Retention - We all know how important retention is, based on the fact that the cost to acquire a new customer versus the cost to retain a customer is much more favourable for the retained customer. I mentioned earlier in the article that there is a blur sometimes between the inspiration searches and the retention searches, as some of the key things some people will want to know before purchasing will be the same as questions others are asking once they own the product, or in this instance, plant.

For example:

“How to plant
“How to care for

By answering these types of questions, we are building a relationship with the user, we are becoming their confidant, their friend - we’re helping them. Whether that be pre or post-purchase, this is really important to influencing purchase decisions. In the ideal world, when we have done this enough times, and also spilled into their social feeds and email marketing etc. we may be lucky enough to become their first port of call for research.

All throughout the user intent mapping - the key thing is to understand what the person could be looking for and to ensure we are landing them on a page that can deliver that. When it isn’t clear between a number of different intents, then we need to ensure the structure of the page makes it easy for the user to see all the content on offer by an internal page navigation, or tabs or jump points etc. so that we don’t lose them before they can find the content that is of interest to them. 

Applying this to your own search marketing 

Bringing this all back to the start - all you need to do is to put yourself in your audience’s shoes. If you have many different audience types, then you need to do this for all of them and to walk the journey as they would, or better still, find some people that fit your audience profiles and get them to run some test journeys for you.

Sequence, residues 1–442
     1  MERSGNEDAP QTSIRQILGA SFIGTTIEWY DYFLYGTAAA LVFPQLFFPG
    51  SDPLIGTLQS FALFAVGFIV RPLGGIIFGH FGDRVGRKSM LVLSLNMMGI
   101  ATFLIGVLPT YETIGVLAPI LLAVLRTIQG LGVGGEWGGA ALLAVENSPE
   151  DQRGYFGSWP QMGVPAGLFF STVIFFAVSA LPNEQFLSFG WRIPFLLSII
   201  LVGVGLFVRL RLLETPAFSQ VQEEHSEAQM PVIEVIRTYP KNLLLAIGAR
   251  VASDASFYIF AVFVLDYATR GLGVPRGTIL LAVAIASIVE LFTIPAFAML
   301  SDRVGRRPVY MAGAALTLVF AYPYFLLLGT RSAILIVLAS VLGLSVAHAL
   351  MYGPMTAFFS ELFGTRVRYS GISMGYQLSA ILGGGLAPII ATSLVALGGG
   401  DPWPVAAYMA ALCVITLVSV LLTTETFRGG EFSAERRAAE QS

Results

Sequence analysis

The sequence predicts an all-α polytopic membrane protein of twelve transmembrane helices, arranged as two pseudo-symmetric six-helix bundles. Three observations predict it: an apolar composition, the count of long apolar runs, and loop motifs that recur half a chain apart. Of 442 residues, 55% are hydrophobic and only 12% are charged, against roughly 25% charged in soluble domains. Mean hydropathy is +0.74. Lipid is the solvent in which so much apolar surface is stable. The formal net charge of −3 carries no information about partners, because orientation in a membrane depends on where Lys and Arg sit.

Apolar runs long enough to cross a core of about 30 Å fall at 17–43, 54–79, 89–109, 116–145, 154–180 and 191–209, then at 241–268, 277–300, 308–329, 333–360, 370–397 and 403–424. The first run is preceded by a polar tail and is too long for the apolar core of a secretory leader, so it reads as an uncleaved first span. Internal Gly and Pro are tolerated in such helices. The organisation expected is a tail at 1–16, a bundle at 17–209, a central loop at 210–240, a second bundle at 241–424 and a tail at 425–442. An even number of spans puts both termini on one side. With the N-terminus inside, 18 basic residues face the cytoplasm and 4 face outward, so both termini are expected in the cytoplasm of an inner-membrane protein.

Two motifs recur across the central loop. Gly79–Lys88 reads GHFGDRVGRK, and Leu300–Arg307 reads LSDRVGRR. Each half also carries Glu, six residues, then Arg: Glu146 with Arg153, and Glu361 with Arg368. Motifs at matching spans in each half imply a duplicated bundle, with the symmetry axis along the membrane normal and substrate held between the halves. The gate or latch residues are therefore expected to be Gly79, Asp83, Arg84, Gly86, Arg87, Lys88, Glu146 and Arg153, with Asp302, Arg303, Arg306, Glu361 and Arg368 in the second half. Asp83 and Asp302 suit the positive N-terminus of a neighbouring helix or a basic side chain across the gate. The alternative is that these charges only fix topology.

I promised you at the start of this article that getting this right was the key to a better strategy, better management of expectations and better results - and it is. 

Your better strategy comes from truly understanding what your user is looking for and therefore being able to present them with the right content and call to actions. You can also align this across your different marketing channels ensuring they are all supporting each other as opposed to fighting for their own conversions and glory. 

Your better management of expectations comes from understanding for different search phrases what we actually expect a user to do. And therefore instead of all SEO or paid search being expected to drive traffic and sales, we can actually signpost our colleagues better to understand for ‘x group of keywords’ we’re actually expecting to see great scroll depth, newsletter sign-ups, social follows, downloads etc. 

And finally, the better results - this comes back to the fact that you understand your audience better and you are giving them what they want, when they want it and building a relationship with them. This ultimately means internally you can get all channels to play to the same human-centric strategy focused on what your audience wants. The magic is, when you help your audience and listen to their needs - you get the results!

Happy intent mapping - if you want to know more, feel free to reach out as this is the type of strategy work we LOVE!

meet-becky

MEET THE AUTHOR.

BECKY SIMMS

Reflect Digital was once nothing but a dream in Becky’s head. Becky is Reflect Digital’s CEO, having started Reflect Digital in 2011 she has grown the business to the strong agency team it is today.

Becky is a strategist at heart, and she shares her experience and knowledge with the Reflect Digital team and the business we work with. Full of creative ideas but with an eye always on ROI, Becky has a natural talent for spotting campaign opportunities and ensuring value is delivered.

More about Becky